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“Bite-Size Bits of Local, National, and Global History”
“Bite-Size Bits of Local, National, and Global History”
Near Cokeville in Lincoln County, Wyoming — The American West (Mountains)
 

Oregon Trail 1847

 
 
Oregon Trail 1847 Marker image. Click for full size.
By Barry Swackhamer, September 11, 2015
1. Oregon Trail 1847 Marker
Inscription. In 1847, The Oregon Trail passed by this point where Highway 30 now crosses the Idaho-Wyoming Statelines. Here lies the northern most bend of Bear River in Wyoming before it crosses into Idaho. Skirting wet lands to the north and the south, ruts left by those thousands of wagon wheels carve a long lazy "S" route through the marshy meadow lands one mile westward to the crossing of Thomas Fork River entering from the valley north. Crossing through what are now cultivated barley fields, those ancient wagon tracks can be seen clearly when the fields are prepared for planting. Those thousands of steel clad wheels churned the naturally red-brown sandy soil to shades of gray.
Coming northward from the town of Cokeville in Wyoming, the original right-of-way of Highway 30 closely followed the Old Oregon Trail keeping to higher ground to avoid wetlands fed by the seasonal high water levels with the melting of the snow. In those days, before the diversion of water for irrigation and the building of the Woodruff Narrows Dam on the Bear River, each springtime, water would rise, flooding river banks, cresting usually in the last days of the month of June with high water continuing to mid-July. In 2010, water crested at its highest about June 22.
Always, the fertile bends of the Bear River have been filled with native grasses and willows,
Oregon Trail 1847 Marker image. Click for full size.
By Barry Swackhamer, September 11, 2015
2. Oregon Trail 1847 Marker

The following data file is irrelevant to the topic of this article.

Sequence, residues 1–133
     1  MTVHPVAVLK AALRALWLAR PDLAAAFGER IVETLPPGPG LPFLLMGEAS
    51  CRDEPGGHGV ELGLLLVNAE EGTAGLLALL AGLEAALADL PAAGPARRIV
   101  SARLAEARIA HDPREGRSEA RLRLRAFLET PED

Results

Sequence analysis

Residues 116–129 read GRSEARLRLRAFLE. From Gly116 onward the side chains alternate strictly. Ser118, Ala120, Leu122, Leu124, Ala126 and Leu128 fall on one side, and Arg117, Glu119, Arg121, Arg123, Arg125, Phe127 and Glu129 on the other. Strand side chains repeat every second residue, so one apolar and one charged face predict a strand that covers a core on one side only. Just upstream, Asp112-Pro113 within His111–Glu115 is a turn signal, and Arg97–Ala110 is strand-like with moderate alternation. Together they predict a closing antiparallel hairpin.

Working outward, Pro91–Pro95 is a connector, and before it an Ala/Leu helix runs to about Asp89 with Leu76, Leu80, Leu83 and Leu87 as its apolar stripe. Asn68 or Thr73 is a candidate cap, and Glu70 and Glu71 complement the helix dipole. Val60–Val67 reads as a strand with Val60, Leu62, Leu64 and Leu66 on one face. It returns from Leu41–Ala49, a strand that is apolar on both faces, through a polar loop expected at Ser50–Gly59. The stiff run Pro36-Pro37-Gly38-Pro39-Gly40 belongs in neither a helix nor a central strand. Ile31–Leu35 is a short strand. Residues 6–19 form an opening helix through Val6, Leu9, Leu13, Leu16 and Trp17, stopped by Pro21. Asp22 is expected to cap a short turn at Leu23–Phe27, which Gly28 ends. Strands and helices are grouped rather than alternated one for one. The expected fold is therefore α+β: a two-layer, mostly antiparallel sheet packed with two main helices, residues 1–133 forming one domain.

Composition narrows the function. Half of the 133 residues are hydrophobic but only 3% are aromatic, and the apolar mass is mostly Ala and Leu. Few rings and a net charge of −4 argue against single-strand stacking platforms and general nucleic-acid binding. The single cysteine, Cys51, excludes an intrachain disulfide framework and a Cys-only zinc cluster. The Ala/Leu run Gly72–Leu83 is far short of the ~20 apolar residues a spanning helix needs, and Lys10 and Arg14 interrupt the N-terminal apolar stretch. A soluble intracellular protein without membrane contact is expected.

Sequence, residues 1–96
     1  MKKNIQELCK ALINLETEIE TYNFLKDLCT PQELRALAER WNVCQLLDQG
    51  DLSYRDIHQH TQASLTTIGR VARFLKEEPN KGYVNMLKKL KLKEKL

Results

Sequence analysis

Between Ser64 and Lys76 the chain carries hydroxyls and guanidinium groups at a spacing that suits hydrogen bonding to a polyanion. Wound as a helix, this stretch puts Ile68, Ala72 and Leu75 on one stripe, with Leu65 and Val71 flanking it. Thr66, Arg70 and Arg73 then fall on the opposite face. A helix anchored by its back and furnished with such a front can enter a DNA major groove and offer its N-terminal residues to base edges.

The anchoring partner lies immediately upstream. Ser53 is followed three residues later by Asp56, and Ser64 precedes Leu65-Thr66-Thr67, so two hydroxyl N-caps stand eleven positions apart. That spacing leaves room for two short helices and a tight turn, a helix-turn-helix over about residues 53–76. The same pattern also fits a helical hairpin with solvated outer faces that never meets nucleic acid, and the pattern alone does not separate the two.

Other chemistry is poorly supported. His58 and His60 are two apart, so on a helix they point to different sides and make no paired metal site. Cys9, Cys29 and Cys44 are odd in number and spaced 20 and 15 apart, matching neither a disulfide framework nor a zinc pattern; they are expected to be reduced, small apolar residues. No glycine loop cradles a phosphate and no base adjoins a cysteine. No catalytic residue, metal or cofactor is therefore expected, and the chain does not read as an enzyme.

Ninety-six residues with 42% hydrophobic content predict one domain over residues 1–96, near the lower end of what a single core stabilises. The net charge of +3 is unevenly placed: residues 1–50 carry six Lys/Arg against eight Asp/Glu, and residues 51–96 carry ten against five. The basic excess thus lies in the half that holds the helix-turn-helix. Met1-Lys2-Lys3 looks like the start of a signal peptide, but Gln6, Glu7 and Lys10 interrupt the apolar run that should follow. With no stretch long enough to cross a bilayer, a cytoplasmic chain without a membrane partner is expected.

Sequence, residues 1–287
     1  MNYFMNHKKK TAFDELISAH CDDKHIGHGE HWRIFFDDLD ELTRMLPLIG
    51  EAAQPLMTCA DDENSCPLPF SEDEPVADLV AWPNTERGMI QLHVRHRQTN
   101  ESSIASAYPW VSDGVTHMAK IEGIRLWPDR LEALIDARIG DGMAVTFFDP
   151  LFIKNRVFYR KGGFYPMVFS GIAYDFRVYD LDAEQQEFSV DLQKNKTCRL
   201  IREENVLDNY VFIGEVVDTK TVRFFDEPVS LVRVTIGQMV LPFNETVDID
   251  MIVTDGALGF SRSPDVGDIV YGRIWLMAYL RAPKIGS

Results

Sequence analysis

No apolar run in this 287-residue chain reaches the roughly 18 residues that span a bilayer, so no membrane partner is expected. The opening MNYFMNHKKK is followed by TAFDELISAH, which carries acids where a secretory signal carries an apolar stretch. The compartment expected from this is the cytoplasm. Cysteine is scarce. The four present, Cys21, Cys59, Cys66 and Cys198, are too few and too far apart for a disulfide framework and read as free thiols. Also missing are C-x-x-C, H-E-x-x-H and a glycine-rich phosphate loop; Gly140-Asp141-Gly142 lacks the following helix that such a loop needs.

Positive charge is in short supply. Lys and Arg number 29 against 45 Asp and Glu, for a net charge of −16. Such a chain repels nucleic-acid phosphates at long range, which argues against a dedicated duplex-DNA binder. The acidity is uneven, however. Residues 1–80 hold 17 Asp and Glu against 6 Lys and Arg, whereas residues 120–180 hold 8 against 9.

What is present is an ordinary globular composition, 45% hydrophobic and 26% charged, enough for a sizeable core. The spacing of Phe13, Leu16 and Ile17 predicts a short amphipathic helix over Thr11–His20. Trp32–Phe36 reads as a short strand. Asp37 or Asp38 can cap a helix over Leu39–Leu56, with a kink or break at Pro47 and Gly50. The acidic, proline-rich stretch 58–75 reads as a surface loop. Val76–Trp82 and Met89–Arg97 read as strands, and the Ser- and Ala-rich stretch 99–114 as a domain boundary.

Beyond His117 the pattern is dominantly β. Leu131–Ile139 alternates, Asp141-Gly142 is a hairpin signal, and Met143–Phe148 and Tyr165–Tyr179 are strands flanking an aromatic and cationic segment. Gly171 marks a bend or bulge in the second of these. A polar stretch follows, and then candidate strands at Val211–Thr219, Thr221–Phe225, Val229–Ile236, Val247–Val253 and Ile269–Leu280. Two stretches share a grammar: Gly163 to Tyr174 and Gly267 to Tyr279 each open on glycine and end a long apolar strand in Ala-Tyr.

wonderful shelters for nesting Canada Geese, hundreds of ducks, grouse and song birds. Mule deer, elk, moose, coyotes, bob-cats and an occasional black bear frequented the area. Now, since men have chosen to destroy the beautiful willows, few birds and animals are to be found.
 
Erected 2011 by Cal Price.
 
Location. 42° 12.82′ N, 111° 2.827′ W. Marker is near Cokeville, Wyoming, in Lincoln County. Marker is on U.S. 30 near Wyoming Route 89, on the right when traveling west. Click for map. Marker is in this post office area: Cokeville WY 83114, United States of America.
 
Other nearby markers. At least 8 other markers are within 10 miles of this marker, measured as the crow flies. Golden Anniversary 1940 (a few steps from this marker); Thomas Fork (approx. one mile away in Idaho); One Continual Stream (approx. 9.6 miles away in Idaho); Idaho's Emigrant Trails (approx. 9.6 miles away in Idaho); Hot, Cold, Dry, Wet, Dusty, 2,000-Mile Trail (approx. 9.6 miles away in Idaho); Big Hill (approx. 9.6 miles away in Idaho); Big Hill... (approx. 9.6 miles away in Idaho); a different marker also named Big Hill (approx. 9.6 miles away in Idaho).
 
More about this marker. This marker is located just east of the Wyoming/Idaho border.
 
Categories. EnvironmentRoads & Vehicles
 
Bend of the Bear River image. Click for full size.
By Google Maps
3. Bend of the Bear River
 
 
Credits. This page originally submitted on , by Barry Swackhamer of San Jose, California. This page has been viewed 144 times since then and 4 times this year. Photos:   1, 2, 3. submitted on , by Barry Swackhamer of San Jose, California. This page was last revised on June 16, 2016.
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